[India] Scientists from the Indian Institute of Technology, Jodhpur, have gone a step further in the quest for low-cost biofuel. The Continue reading IIT scientists develop catalyst to make algae biofuel using Rajasthani sand
An urban “algae farm” producing low-carbon protein and bio-fuel is one of the highlights on show this week at the future energy-themed Astana Expo 2017 in Kazakhstan.
London-based EcoLogicStudio’s BIO.tech HUT is a three-part pavilion at the biennial world fair event, exploring the boundaries of biologically based architecture. The prototype aims to “probe the future, test scenarios and promote the emergence of a new narrative in future energy”.
The first part of the exhibit, the Bio.light Room, is a dark space in which the only visible light emitted is from bioluminescent algae. The organisms absorb energy through photosynthesis in tubes that encircle the outside of the pavilion, lighting up the dark part of the exhibit when shaken and oxygenated.
H.O.R.T.U.S. (Hydro Organisms Responsive to Urban Stimuli) room
Another room (H.O.R.T.U.S.) flooded with natural light, hosts an art installation containing photosynthetic microalgae. Visitors are encouraged to engage with the microalgae using carbon dioxide to produce oxygen bubbles in 700 meters of glass tubing (see image below).
A third area, Garden Hut, uses a high-speed air flow to lift algae into glass tubes, generating a stirring effect that allows the desired oxygen and carbon dioxide exchange to occur, before falling back with gravity. A pump isn’t needed, a method that the team thinks hasn’t been used in algae production previously.
Five tubes containing different types of algae loop the exhibit, collecting in tanks for harvest as super-food or bio-fuel.
EcoLogicStudio estimates the hut can produce enough algae-based protein for 12 adults, the protein equivalent of eight cows. By switching to an algae protein diet, the overall net contribution to carbon sequestration of the BIO.tech HUT would be around 90kg per day — the same carbon sequestration potential of 500 square meters of forest.
The BIO.tech HUT can also produce about 1kg of bio-fuel a day, comprising either dry algae or oil produced by green algae — enough to power a north European home.
According to Marco Poletto, Director at ecoLogicStudio, it makes more sense for to produce food from the algae produced. To realise the ambition of bringing microorganisms into architecture, “in an urban environment you are looking to grow strains that have higher market value”, he said.
Where can you see BIO.tech HUT?
You’ll have to travel a fair distance to attend Expo 2017, which is being held in Astana, Kazakhstan until 10 September 2017.
According to Expo 2017 Commissioner Rapil Zhoshybayev, this year’s future energy theme “will serve as the attraction centre for new technologies”.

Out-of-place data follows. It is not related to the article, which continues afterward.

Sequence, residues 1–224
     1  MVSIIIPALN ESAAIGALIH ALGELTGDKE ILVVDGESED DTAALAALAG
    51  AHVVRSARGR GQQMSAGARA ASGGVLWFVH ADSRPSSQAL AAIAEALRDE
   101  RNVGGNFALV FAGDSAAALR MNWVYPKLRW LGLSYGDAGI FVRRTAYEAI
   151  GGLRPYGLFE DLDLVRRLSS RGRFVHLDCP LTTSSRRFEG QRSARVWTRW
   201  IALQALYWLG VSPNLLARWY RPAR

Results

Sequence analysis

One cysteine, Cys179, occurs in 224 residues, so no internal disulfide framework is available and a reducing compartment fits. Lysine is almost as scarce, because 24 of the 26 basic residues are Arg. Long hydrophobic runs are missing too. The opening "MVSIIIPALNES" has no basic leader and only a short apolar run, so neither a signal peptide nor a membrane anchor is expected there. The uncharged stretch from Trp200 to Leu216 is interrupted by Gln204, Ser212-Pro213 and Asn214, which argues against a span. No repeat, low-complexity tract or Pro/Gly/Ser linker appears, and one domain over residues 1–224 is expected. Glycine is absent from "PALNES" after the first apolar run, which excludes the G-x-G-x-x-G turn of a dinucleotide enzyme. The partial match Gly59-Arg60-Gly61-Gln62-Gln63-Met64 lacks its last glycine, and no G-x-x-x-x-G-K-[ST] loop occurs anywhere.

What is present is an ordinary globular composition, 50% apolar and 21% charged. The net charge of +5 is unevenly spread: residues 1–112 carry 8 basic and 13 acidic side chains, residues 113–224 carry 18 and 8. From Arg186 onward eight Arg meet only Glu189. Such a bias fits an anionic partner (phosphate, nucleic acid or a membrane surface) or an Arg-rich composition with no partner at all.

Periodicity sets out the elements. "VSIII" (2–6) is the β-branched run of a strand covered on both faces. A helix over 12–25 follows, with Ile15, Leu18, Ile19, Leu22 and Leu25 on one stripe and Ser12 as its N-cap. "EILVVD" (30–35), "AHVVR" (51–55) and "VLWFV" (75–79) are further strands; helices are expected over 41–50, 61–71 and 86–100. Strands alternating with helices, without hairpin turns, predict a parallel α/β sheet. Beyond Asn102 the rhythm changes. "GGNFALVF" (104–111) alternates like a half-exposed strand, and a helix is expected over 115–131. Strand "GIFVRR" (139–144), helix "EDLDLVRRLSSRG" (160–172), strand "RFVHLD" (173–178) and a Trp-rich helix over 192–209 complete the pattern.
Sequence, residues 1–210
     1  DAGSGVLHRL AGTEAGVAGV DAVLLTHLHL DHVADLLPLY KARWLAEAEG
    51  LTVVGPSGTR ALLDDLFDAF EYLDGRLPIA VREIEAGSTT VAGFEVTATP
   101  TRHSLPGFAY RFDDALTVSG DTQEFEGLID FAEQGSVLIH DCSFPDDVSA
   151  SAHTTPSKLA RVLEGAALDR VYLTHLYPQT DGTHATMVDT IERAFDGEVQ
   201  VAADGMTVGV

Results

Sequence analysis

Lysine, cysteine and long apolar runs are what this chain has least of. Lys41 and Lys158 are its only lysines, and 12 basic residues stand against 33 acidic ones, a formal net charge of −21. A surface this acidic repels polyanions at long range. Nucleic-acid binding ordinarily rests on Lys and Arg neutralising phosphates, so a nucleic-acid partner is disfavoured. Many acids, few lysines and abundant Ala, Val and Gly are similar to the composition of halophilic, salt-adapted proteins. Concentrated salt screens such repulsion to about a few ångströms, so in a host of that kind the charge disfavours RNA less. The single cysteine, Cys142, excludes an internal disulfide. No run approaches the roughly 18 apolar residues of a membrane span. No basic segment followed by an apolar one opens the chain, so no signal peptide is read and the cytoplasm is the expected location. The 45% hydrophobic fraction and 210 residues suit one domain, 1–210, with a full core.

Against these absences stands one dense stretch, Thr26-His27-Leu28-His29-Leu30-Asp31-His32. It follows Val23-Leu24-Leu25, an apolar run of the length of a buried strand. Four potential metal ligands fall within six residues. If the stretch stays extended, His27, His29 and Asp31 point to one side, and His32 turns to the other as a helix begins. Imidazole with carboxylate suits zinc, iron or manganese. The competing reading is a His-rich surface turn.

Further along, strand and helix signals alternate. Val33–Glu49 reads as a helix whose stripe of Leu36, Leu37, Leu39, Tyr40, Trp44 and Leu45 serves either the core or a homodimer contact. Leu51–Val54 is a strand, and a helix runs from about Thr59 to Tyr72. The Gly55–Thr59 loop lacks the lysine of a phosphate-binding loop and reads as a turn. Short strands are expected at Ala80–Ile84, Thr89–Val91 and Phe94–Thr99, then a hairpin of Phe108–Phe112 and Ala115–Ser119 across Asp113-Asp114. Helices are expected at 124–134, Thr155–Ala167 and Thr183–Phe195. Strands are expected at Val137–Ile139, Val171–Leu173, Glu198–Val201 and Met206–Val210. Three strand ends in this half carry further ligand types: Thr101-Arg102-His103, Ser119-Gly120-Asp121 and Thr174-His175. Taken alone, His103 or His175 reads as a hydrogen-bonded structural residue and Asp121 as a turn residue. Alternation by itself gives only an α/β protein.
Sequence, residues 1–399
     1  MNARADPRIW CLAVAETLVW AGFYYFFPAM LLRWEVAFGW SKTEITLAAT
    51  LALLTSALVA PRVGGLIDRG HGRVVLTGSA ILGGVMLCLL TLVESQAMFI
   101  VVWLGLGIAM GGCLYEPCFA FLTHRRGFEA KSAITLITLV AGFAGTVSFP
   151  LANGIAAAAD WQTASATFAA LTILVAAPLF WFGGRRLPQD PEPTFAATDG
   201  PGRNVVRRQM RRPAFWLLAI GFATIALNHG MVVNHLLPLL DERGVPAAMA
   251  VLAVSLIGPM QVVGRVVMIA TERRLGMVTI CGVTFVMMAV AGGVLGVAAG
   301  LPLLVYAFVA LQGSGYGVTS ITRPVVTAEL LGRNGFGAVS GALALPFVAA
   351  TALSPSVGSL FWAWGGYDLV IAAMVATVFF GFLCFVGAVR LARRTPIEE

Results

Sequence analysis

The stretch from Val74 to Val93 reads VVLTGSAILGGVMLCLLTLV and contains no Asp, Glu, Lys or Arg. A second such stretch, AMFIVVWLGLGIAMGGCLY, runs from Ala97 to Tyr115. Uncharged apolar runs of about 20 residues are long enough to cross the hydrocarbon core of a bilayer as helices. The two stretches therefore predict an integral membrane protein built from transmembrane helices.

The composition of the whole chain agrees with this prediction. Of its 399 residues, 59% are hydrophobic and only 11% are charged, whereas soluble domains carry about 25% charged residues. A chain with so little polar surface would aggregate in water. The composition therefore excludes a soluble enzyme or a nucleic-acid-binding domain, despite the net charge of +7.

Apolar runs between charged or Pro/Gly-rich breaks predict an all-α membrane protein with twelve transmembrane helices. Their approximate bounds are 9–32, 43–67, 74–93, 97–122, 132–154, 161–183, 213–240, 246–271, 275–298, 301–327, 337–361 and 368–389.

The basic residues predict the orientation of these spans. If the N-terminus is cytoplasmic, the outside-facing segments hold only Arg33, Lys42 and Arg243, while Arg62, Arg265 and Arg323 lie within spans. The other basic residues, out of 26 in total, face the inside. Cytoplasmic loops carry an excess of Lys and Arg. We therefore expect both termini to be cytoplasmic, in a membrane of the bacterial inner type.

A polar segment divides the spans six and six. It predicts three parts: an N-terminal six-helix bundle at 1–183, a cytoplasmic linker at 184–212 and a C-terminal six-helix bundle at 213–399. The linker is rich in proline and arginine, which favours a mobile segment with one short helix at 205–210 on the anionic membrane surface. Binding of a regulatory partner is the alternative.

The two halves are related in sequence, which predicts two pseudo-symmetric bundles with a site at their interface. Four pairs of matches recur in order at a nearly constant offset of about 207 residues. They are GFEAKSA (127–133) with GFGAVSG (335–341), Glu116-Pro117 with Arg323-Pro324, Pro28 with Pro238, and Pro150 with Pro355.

Other exhibits include the Austrian national pavilion, which encourages visitors to use their bodies to produce energy, and includes a room full of stationary bicycles. The French showcase is based around sustainable cities, renewable energy and eco-compatible mobility — three areas of innovation in which France positions itself as a leader.
Also on the algae them and a little closer to home, the Danish city of Aarhus is, this summer, hosting the “Urban Algae Folly” exhibit, also by EcoLogicStudio, which uses algae from the city’s waterways to produce bio-fuel and food.
View original article at: Algae-producing architecture a “future energy” highlight at Astana World Expo 2017
[USA] The U.S. Department of Energy recently announced the selection of three projects to receive up to $8 million, aimed at Continue reading DOE awards $8 million to support algae-based biofuel development
[Global] Every now and then, an oil supermajor comes up with what they tout as a breakthrough in scientific research of renewable Continue reading Is this Exxon’s secret weapon against electric cars?
[USA] ExxonMobil and Californian biofuels partner Synthetic Genomics have claimed a breakthrough in joint research that Continue reading ExxonMobil in algae technology win
[USA] Scientists engineer algae to help reduce global temperatures, sugarcane to produce biodiesel, ‘bionic leaf’ that could help end Continue reading Breakthrough in climate change mitigation, renewable energy
[Global] Spring is here, and the air is fresh with new hopes and possibilities. We’ll get to those in a minute. First, let’s remind Continue reading What happened to the promise of biofuels?
[USA] Over the past four years, Solar and Wind companies and their underlying technologies grew tremendously from Obama’s Continue reading How to capitalize on Trump’s America, coal and algae is the new solar
[USA] Using ultrafast lasers, scientists discovered a surprising mechanism of cryptophyte algae for extremely efficient Continue reading Ultrafast lasers reveal light-harvesting secrets of photosynthetic algae
[USA] The U.S. Department of Energy‘s Office of Energy Efficiency and Renewable Energy (EERE), on behalf of the Bioenergy Continue reading BETO announces notice of intent for the development of algae-based biofuels